There are many sites in America where one can learn more about Samuel Clemens/Mark Twain. Travel to Missouri and visit the town of Hannibal where the young Samuel Clemens spent his boyhood. This is the setting for his Huckleberry Finn and Tom Sawyer novels. Add to your vacation trip planner the Mark Twain Boyhood Home and Museum.
There is also the Steamboat Mark Twain in Hannibal of which you can take an enjoyable river cruise. If your travels include a California vacation there is the Mark Twain Monument located at Angels Camp, a very unique old California mining camp which is now a tourist destination and very near to Yosemite National Park about 120 miles east of San Francisco. Angels Camp is also home to the Jumping Frog Jubilee held every year at the Calaveras County Fair.
At 12 years of age Samuel Clemens after losing his father, an attorney and local judge, in Hannibal became a printers assistant and typesetter working in such cities as New York, Philadelphia and St. Louis. The picture to the right is of Samuel Clemens at the young age of 15. Samuel Clemens was self educated spending days after days at the public libraries absorbing books of the greatest variety of subjects available. His explanation was that he felt this regimen would provide a wider scope of knowledge than one could attain in a public school. There was always something about the young Mark Twain that yearned for nonconformity.
At about the age of 22, Samuel traveled by steamboat down the Mississippi to New Orleans on a planned Amazon River journey with a $50 dollar bill he found on the street. The upper Amazon River had recently been explored with much fanfare and Clemens was caught with the bug to go there. While on this Mississippi trip he was awed at the skill of the steamboat's pilot and the steamboat's pilot gave Clemens the inspiration to begin training to become a pilot himself. It probably didn't take too much urging since Samuel was infatuated with the pilots job to begin with. In those days a steamboat pilot was paid about $250 per month which is the equivalent to about $75,000 today. Not a bad sum of money and with it came the prestige of calling yourself a steamboat pilot. Young Samuel Clemens jumped in with both feet. Clemens eventually convinced his younger brother Henry to join him on the steamboats. Henry did but met with misfortune when he was killed during the explosion of the steamboat Pennsylvania in 1858. Samuel had been with his brother on the Pennsylvania but transferred off shortly before the explosion. I need to point out that steamboats, while appearing serene and relaxing the relative slow way they travel down a winding river, were known to be quite dangerous during their heyday. Thousands of people were killed during this era while traveling on steamboats. Records show that the biggest danger was from exploding boilers. Two such disasters were the Saluda Explosion in Lexington Missouri and the Sultana Explosion just a few miles north of Memphis Tennessee. Steam boilers during the middle of the 1800's were a new technology in as much as the safety mechanisms in place were not sufficient. The problems regarding steamboat boilers were that pressure instruments were unsatisfactory as was in many instances the physical oversight of the boilers by the riverboat crew. In other words, unmonitored boilers could build up too much pressure and explode. Often an explosion would occur because the boats captain would order maximum speed or in these cases too much speed for the boilers to operate safely. A boiler explosion within the confines of a boat's structure would be devastating to those on board. It's one thing having a boiler explode in the open and quite another down deep within the boat's structure as shown in the picture below left. Boilers were located down in the bowels of a riverboat. In steamboat history the problem of providing safety became so dire in the 1850's that Congress, because of public pressure, had to pass several regulatory acts to try to make things safer on our rivers. An interesting side note about Samuel Clemens is that he supposedly had a dream beforehand of the explosion that killed his younger brother and after the disaster became involved with paranormal associations.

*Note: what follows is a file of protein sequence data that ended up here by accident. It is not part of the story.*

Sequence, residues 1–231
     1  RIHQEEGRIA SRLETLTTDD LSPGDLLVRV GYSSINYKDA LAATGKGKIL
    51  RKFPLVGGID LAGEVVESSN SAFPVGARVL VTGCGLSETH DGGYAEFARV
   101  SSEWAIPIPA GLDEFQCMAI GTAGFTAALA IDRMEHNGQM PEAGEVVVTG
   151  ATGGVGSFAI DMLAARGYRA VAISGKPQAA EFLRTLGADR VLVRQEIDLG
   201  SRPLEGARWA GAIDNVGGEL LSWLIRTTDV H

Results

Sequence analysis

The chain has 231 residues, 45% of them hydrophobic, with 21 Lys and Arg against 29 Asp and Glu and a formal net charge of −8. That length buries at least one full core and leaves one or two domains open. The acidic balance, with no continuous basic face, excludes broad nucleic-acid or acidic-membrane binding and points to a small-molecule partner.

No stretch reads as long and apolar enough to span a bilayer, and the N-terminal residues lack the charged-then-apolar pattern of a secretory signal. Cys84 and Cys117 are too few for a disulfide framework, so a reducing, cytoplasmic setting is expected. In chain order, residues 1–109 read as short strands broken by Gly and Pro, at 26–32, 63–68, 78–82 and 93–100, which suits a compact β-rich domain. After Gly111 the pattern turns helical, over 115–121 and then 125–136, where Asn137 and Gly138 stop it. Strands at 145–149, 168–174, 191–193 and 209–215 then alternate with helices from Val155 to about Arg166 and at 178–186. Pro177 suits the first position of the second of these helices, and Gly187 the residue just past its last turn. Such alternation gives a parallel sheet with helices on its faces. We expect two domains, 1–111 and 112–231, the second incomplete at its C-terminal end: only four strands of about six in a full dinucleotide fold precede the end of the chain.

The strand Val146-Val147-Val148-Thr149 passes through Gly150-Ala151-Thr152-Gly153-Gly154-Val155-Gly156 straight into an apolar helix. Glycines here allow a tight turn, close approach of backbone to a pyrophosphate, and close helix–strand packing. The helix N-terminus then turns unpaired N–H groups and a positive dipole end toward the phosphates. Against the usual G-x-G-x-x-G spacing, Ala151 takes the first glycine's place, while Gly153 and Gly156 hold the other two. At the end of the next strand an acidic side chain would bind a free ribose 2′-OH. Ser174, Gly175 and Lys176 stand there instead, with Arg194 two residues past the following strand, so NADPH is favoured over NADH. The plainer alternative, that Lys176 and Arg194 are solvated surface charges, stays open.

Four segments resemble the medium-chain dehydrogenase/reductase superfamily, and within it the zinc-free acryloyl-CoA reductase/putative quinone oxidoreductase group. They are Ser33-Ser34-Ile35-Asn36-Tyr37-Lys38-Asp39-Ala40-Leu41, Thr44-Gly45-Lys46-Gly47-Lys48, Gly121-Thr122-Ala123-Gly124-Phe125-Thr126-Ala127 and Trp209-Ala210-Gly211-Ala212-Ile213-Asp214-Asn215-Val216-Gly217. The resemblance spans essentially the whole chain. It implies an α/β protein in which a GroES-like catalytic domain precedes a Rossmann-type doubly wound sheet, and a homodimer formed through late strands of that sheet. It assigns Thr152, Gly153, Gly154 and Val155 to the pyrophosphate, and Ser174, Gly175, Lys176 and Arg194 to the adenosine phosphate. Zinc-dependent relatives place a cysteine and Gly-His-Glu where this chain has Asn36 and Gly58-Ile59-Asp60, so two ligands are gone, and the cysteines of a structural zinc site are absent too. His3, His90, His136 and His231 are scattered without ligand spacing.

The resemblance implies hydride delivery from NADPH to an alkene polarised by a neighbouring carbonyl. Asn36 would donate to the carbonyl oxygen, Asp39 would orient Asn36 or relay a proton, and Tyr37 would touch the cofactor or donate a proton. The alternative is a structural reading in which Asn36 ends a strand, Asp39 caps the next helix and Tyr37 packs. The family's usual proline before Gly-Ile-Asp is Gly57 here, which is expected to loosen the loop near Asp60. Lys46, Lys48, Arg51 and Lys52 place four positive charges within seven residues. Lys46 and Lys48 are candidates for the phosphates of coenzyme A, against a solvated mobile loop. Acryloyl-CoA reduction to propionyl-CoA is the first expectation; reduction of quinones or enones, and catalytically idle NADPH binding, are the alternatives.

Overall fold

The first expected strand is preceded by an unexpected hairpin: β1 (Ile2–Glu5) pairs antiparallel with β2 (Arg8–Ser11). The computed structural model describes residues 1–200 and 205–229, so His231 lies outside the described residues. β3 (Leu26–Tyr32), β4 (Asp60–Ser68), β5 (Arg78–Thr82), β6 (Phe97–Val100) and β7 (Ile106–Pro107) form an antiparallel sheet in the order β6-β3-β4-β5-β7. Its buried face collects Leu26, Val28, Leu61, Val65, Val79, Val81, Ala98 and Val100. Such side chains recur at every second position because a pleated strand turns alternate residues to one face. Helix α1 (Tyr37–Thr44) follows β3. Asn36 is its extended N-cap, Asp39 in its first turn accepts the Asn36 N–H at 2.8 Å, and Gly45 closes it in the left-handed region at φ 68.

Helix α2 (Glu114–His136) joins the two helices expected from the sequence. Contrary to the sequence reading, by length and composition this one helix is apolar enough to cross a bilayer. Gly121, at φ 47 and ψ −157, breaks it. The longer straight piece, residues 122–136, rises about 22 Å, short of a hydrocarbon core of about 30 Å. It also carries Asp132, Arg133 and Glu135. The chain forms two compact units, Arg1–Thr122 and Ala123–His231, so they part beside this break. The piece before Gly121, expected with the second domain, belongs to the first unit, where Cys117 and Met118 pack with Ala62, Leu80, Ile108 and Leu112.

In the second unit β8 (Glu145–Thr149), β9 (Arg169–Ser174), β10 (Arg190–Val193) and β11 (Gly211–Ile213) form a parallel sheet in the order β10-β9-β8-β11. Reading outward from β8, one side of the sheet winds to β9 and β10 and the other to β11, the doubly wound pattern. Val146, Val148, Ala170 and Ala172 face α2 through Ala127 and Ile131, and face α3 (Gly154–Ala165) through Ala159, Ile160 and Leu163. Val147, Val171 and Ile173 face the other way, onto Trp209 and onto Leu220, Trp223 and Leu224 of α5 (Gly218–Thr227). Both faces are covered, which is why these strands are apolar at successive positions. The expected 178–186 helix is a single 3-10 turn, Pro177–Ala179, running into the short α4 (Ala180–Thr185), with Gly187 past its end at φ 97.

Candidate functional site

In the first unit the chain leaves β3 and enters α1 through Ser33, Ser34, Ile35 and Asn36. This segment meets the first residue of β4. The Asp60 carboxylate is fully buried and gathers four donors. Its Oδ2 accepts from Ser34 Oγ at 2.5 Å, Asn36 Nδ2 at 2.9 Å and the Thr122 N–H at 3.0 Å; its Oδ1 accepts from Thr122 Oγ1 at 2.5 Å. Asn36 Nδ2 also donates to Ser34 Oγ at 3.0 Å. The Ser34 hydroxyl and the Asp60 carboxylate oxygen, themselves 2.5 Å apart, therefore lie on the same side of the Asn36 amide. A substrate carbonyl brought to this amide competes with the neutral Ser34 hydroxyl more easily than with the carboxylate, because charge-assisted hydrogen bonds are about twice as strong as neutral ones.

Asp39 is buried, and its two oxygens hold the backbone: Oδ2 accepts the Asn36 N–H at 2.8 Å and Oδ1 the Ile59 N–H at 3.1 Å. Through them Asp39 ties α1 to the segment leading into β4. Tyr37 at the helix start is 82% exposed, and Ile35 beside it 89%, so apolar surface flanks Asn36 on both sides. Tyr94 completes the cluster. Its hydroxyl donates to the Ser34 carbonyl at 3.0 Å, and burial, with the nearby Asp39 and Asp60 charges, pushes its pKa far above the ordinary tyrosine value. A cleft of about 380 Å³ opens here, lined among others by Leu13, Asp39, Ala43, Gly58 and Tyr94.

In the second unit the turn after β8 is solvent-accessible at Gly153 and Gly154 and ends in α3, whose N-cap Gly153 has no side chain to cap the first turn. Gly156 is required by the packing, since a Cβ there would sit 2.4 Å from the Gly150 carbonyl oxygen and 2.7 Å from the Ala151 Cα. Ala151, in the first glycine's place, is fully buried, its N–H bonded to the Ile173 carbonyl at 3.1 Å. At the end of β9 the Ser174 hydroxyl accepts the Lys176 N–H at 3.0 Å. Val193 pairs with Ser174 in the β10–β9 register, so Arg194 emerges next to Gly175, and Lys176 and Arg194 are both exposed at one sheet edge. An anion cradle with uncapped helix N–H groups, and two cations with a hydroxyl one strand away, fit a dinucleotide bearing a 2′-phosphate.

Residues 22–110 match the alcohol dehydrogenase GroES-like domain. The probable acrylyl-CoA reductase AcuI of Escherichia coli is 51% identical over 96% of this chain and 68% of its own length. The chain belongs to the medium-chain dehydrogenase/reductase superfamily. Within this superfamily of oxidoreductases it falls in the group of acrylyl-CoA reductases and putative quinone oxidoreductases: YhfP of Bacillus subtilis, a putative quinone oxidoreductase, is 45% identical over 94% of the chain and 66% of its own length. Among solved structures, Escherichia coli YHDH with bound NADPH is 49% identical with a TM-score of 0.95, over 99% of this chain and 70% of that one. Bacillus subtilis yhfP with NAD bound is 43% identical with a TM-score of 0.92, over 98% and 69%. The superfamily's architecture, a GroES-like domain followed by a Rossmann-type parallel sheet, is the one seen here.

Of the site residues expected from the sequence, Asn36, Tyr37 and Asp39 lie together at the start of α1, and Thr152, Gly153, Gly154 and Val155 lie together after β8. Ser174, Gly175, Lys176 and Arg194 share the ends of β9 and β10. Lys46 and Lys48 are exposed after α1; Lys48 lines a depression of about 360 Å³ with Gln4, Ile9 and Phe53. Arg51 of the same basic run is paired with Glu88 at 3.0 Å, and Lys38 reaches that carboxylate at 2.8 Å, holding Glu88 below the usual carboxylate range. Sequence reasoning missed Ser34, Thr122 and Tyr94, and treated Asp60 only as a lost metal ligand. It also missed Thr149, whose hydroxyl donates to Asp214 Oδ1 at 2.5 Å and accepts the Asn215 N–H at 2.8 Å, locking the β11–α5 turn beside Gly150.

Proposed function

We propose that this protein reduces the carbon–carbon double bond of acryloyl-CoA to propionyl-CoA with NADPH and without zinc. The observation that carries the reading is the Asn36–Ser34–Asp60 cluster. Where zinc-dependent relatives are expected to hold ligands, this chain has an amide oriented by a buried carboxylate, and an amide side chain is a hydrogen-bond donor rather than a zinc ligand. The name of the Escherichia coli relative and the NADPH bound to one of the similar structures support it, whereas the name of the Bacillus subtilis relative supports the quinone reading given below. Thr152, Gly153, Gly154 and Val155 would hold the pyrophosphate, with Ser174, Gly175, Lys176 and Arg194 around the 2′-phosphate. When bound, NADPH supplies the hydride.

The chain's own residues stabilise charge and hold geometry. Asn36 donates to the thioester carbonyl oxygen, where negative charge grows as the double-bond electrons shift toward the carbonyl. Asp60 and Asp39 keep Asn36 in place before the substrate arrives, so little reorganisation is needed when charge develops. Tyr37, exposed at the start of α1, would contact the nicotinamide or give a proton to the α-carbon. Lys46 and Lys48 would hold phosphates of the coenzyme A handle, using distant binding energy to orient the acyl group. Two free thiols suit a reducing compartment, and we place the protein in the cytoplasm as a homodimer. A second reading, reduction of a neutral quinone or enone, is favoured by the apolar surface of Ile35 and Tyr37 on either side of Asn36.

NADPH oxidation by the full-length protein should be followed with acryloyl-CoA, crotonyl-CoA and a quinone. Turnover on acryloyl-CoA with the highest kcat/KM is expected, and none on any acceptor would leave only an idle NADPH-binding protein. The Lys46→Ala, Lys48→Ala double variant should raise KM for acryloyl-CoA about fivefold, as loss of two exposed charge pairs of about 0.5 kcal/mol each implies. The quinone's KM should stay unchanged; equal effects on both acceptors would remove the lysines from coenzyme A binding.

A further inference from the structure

Just like his penchant for book reading, the river was a great addition to his education about people and human nature in general. Samuel Clemens spent four years on the river and stated that in those four years of river schooling he got to know every bit of human nature that you would find in fiction, biography or history.
Shortly after he became a licensed pilot and Abraham Lincoln's election the Civil War broke out. Pilots were trying to decide which side to join. His partner and earlier river pilot teacher and mentor, Horace Bixby, sided with the North. Clemens couldn't decide and had to think about it. At first he joined a Confederate regiment from Missouri but after a short while got tired of it and eventually changed sides to the Northern cause. While on the Northern side he befriended a man high up in the Lincoln administration who was destined to become governor of the new Nevada Territory. Samuel Clemens journeyed west with this group using much of his riverboat pilots savings and ended up in the new territory. This is where another chapter of Clemens life started. It was in Nevada Territory where Samuel Clemens not only took on a new profession as a newspaper journalist in the silver mining town of Virginia City Nevada but also took on the pen name of Mark Twain.
Whether it's a visit to Hannibal Missouri and the Boyhood home of Samuel Clemens or to Angels Camp California, there are many ways to learn more about Mark Twain, a very unique American. These sites will make excellent additions to your western U.S. road trip.